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Cover International Relations Since 1945

13. ‘Stagflation’ and the Trials of Détente, 1973–6  

This chapter examines the onset of the so-called stagflation and the problems that beset détente during the period 1973–6. In the aftermath of Israel’s victories in the Six Day War, a situation of ‘no peace, no war’ prevailed in the Middle East. Attempts in 1970 and 1971 by the United Nations and the United States to make progress on a peace settlement proved futile. The chapter first considers the Middle East War of October 1973, which sparked a confrontation between the US and the Soviet Union, before discussing the impact of stagflation, especially on the Bretton Woods system. It then explores political problems in Europe and how European détente reached a high point in the Helsinki conference of 1975. It concludes with an analysis of détente and crises in less developed countries such as Chile, South Vietnam, Cambodia, and Angola.

Chapter

Cover International Relations Since 1945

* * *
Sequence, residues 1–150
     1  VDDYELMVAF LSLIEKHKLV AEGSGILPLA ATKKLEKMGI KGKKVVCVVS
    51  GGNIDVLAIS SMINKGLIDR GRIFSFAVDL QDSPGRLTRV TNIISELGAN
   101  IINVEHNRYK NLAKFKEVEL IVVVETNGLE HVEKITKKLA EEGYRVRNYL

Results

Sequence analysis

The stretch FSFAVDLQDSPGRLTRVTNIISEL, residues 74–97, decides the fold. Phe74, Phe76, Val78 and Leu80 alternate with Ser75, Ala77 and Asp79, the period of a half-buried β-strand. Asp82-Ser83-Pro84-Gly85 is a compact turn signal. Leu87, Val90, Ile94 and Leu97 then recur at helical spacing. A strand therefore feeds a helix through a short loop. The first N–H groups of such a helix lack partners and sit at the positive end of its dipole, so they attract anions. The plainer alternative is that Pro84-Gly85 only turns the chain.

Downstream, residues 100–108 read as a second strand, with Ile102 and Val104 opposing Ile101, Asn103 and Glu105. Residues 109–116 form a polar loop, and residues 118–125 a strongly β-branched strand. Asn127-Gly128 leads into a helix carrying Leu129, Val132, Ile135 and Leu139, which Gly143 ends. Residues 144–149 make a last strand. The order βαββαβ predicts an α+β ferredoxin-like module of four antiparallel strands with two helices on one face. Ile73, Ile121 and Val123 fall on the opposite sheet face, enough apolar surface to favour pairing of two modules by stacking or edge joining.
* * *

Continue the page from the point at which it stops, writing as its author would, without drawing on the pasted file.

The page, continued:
19. The Decline of the Cold War, 1985–9  

This chapter examines the decline of the Cold War during the period 1985–9. It begins with a discussion of Soviet leader Mikhail Gorbachev’s ‘new diplomacy’, a more flexible, less ideological foreign policy based on his belief that ‘a less confrontational stance towards the outside world would provide greater security than endless rearming’. It then considers Gorbachev’s reforms, the Intermediate Nuclear Forces Treaty signed in December 1987 by Gorbachev and Ronald Reagan, and US–Soviet relations under George H. W. Bush and Gorbachev. It also analyses the end of the Cold War in less developed countries such as Afghanistan, Angola, and Cambodia, before concluding with an assessment of the demise of Soviet communism in Eastern Europe.

Chapter

Cover International Relations Since 1945

22. Stability and Instability in the Less Developed World  

This chapter focuses on stability and instability in less developed countries in the post-Cold War period. One of the signs, alongside the end of the Cold War, that old enmities were breaking down and that a more liberal-democratic world order might be emerging, was the end of apartheid in South Africa. This development followed a long period in which White supremacy had been in decline in southern Africa, leaving the home of apartheid exposed to strong external pressures. After discussing the end of apartheid in Southern Africa, the chapter considers developments in Central Africa, in particular Rwanda and Zaire, as well as the Middle East and East Asia. It concludes with an assessment of the rise of the Association of South-East Asian Nations (ASEAN) in 1967–89, the emergence of the ‘tiger’ economies in the 1990s, and the post-1997 economic crisis.